There are fundamental differences in traditional Chinese Medicine (TCM) and the western medical system. With some understanding of Chinese culture and philosophies, it may help one to see through and start to appreciate the value of TCM.
Western medicine treats infections by targeting the microorganisms directly, whether preventively, with antibiot ics, or making use of the immune system through vaccines. Traditional Traditional Chinese medicine has a “macro” or Yin-Yang balance view of disease. For example, one modern interpretation is that well-balanced human bodies can resist most everyday bacteria and viruses, which are ubiquitous and quickly changing. Infection, while having a proximal cause of a microorganism, would have an underlying cause of an imbalance of some kind.
Chinese Medicine does recognize the importance of nutrition and exercise and reducing stress in maintaining a healthy immune system (and thus preventing infection). It also faces problems with antibiotic resistance caused by overuse of chemical agents and the high mutation rate of microorganisms. Pharmaceutical treatments also sometimes have side effects, the most severe of which are seen in regimens used to treat otherwise fatal illnesses, such as chemotherapy and radiotherapy for cancer, and antiretroviral drugs for HIV/AIDS. The traditional treatment would target the imbalance, not the infectious organism. Consequently, there is a popular saying in China as follows: “Chinese medicine treat humans while western medicine treat diseases.”
The holistic approach of traditional Chinese medicine makes all practitioners generalists. Western medicine has general practitioners who dispense primary care, but increasing reliance is placed on specialists who have expertise in treating only certain types of diseases.
Another important difference in Eastern and Western medicine is that every traditional Oriental diagnosis is individual and unique. Two persons with the same symptoms may receive completely different treatments because the cause of their “imbalances” may be different. Oriental medicine looks for the “causes” of the disease, not necessarily treating the symptoms directly.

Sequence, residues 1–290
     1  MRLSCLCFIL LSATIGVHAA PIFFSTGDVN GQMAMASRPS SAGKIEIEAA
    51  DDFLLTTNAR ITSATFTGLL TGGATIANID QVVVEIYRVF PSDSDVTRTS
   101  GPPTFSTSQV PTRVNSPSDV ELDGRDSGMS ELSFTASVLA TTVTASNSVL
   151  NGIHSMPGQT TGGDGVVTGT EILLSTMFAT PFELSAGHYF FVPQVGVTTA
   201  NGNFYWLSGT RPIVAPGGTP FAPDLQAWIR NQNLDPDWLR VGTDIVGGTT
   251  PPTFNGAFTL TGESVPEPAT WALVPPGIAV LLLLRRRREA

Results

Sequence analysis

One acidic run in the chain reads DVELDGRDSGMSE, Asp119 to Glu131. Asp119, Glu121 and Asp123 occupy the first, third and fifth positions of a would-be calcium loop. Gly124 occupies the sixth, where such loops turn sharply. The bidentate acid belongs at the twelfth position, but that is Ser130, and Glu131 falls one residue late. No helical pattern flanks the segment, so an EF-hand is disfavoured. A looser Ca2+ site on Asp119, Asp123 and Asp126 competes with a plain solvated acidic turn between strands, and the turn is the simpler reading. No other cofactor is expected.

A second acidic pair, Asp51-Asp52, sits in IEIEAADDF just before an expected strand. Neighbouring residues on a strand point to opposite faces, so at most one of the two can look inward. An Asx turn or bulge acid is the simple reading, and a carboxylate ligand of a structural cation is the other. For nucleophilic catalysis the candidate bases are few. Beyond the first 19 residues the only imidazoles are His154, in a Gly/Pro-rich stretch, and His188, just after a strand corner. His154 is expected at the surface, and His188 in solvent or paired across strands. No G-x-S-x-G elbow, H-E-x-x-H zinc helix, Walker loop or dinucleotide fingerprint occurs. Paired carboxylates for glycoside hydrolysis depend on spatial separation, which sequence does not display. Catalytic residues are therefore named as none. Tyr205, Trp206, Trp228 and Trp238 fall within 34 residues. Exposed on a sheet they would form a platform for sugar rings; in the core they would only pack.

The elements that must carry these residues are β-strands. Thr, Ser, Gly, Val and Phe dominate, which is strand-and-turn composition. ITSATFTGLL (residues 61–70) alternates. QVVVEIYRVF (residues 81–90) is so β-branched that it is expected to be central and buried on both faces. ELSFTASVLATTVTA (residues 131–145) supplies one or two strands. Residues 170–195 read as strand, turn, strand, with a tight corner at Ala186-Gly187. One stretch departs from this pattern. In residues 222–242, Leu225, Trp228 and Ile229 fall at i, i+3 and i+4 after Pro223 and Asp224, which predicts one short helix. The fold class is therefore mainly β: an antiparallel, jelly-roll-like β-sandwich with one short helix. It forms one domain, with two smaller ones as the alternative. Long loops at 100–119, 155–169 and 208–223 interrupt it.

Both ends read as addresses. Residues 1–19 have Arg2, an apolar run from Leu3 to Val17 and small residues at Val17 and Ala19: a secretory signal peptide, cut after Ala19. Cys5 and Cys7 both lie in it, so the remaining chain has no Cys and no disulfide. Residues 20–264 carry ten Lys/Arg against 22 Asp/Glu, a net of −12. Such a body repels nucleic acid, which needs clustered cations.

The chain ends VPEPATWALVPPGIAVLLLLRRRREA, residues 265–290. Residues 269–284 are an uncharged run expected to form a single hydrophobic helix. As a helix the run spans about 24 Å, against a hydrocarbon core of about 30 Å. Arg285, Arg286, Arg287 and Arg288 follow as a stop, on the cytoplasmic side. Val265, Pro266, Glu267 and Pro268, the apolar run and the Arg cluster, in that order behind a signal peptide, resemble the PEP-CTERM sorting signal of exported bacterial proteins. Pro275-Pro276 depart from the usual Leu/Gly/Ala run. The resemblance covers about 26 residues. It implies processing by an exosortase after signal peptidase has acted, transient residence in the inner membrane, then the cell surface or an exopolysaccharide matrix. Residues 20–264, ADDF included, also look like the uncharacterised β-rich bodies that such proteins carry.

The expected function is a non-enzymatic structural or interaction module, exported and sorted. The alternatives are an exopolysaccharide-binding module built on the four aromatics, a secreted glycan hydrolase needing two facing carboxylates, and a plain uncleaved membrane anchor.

A Chinese medicine practitioner might give very different herbal prescriptions to patients affected by the same type of infection, because the different symptoms reported by the patients would indicate a different type of imbalance, in a traditional diagnostic system.
Contact with Western culture and medicine has not displaced TCM. While there may be many sociological and anthropological factors involved in the persistent practice, two reasons are most obvious in the westward spread of TCM in recent decades. Firstly, TCM practices are often very effective, sometimes offering palliative efficacy where the best practices of Western medicine fail, especially for routine ailments such as flu and cancer, apoplexy, allergies, and AIDS, and managing to avoid the toxicity of chemically composed medicines. Secondly, TCM provides the only available care when resources are inadequate to import Western medical technologies.
The attitude towards traditional Chinese medicine and pharmacy across the world is changing. A large number of specialists in TCM have been invited by countries in Asia, Europe, America and others to give lectures on TCM or to conduct activities in TCM therapy and scientific research. In China, among the foreign students in natural sciences, those who major in traditional Chinese medicine accounts for the highest percentage. World Health Organization has established 7 collaborating centers of traditional medicine and pharmacology. International training centers have been set up in Beijing, Shanghai, Guangzhou, Nanjing and Xiame to train TCM personnel from over the world. Colleges of traditional Chinese medicine and acupuncture have been founded in France, US, Italy and Australia. An institute of TCM theoretical research has been set up in the Munich University of Germany. Cooperation in TCM has been established between China and Japan, the United State and Germany.